Rey Milo Guevara Orense-1616853892754
Patient Rey Milo Guevara Orense with Dr Hyder Matouk and the ICU team at the Canadian Specialist Hospital, Dubai. Image Credit: Supplied

Dubai: A critically ill COVID-19 patient, who managed to turn the corner, and the doctor who treated him have urged residents not to let their guard down even as the war against the global pandemic crosses a year.

Rey Milo Guevara Orense, 49, a Filipino expatriate, was admitted to the Canadian Specialist Hospital on January 28 and was in the Intensive Care Unit for nearly two months.

An operations manager, Orense told Gulf News he suspects he contracted the virus from a colleague. “This colleague of mine was sick and later admitted to the ICU. I fell sick on January 22 and initially I was feeling a little under the weather. However, when my test results came positive and I had difficulty in breathing, I had to rush to hospital,” he recalls.

Admitted with severe pneumonia

Orense was admitted to the Canadian Specialist Hospital with severe pneumonia and was immediately started on oxygen support. Despite receiving 15 litres oxygen per minute, Orense’ condition deteriorated and he had to be put on Non-Invasive Ventilation (NIV) with oxygen saturation dropping to 84 per cent, explained Dr Hyder Matouk, intensivist and consultant in critical care medicine at the Canadian Specialist Hospita, who described this as one of the most challenging cases this year. NIV is administered through a face or nasal mask with oxygen with positive pressure administered to the patient.

Orense, who is pre-diabetic, showed complications arising out of his raised sugar levels and he continued to be on 84 per cent saturation until February 4. The expected level of oxygen saturation is between 96-100.

Tracheostomy carried out

Orense’s condition continued to vacillate and although he was weaned off the ventilator on February 14, doctors put him back on ventilation by February 17. He underwent a tracheostomy on March 1. Tracheostomy is usually carried out to be able to deliver more oxygen into the lungs of a patient experiencing breathing difficulty. Dr Matouk continued the medicine protocols, while closely monitoring him. Finally, on March 11, after remaining sedated and on mechanical ventilation for a month and a half, Orense was shifted to the general ward and finally discharged on March 16.

Nightmares under sedation

Orense recalled, “When I saw my wife for the first time, I had to ask her if this was ‘real’ as I had been going through several nightmares over the past few days, and my sense of orientation was poor. I am so thankful to Dr Matouk who never gave up on me and the incredibly dedicated staff of health care workers who took care of me and gave me a second chance at life.”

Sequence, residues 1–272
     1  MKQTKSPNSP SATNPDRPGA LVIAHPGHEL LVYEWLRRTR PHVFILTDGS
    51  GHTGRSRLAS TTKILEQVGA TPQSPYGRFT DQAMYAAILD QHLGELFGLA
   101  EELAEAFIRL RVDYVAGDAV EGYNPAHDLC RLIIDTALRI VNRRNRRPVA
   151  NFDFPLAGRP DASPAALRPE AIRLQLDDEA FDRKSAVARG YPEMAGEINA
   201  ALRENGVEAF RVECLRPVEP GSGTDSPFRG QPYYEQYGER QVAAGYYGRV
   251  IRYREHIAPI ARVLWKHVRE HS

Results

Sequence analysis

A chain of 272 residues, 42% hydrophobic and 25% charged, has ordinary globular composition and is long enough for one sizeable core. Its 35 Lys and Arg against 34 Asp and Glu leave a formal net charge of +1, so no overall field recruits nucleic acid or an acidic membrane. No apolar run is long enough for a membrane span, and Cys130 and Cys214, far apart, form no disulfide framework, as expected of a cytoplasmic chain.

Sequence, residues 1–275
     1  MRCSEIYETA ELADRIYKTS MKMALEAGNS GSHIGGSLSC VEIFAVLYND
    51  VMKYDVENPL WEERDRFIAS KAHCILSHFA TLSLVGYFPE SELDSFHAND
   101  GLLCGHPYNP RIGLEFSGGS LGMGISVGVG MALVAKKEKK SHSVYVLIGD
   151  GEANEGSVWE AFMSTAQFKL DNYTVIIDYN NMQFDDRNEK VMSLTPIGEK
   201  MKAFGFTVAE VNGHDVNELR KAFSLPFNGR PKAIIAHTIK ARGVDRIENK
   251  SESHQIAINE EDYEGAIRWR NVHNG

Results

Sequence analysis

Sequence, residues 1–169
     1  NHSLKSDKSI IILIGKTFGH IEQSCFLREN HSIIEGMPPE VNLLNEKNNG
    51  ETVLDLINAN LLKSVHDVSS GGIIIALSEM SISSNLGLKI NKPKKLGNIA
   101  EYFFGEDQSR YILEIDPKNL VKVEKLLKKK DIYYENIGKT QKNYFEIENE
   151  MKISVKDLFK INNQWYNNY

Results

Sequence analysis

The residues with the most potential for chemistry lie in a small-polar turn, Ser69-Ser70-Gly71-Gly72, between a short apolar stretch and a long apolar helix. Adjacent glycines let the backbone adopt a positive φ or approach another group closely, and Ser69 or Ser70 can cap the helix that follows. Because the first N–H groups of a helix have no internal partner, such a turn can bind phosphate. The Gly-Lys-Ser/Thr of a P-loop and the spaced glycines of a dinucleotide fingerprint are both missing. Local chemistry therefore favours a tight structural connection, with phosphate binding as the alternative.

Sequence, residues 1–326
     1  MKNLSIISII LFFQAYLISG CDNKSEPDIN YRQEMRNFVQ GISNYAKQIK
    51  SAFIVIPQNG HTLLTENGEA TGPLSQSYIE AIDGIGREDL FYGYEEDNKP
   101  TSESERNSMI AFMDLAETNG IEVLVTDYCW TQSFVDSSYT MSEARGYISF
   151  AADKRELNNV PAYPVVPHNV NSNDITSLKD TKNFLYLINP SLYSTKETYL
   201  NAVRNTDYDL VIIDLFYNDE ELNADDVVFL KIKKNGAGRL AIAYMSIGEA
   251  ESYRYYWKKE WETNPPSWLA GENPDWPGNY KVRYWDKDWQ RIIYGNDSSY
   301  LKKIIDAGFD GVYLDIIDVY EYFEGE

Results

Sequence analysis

Dr Matouk explained, “Most patients who come to the ICU sometimes experience delirium as they are sedated and are often besieged with fear. Apart from the treatment protocol, our staff has to provide psychological counselling to the patients too.”

Poor muscle tone

Orense, whose muscle tone has deteriorated with the two-month stay on mechanical ventilation, has had to undergo intensive physiotherapy to be able to walk without support. “I feel very fatigued and tired after I have walked a few steps without support and am working on building my strength and stamina. Although I am COVID-free, it will take me a couple of months of rest and rehabilitation with a highly nutritious diet and vitamin supplements to heal and rebuild my immunity.”

Don’t lower your guard

Orense sent out message to the community: “I want to tell people not to get complacent about COVID-19. They must not take this lightly and be mindful of following all protocols and self-isolating at the first instance of sickness. We all have to fight this together and follow all the protocols.”

Dr Matouk added, “People must go in for their complete vaccination dose as that is our best defence against COVID-19. However, once vaccinated, people must not take anything for granted. They must wear the face mask, practise social distancing and frequently sanitise their hands. We have to work together to combat COVID-19.”

Dr Matouk said, “I would say this time, we have more information, are better prepared psychologically to tackle this foe. Although one must concede that research on COVID-19 is still ongoing, there is no definite cure yet and as research papers are published, we add more to our existing knowledge of the illness. However, in terms of antivirals, steroids, blood thinners, we have an idea of what to give when and to which patient.”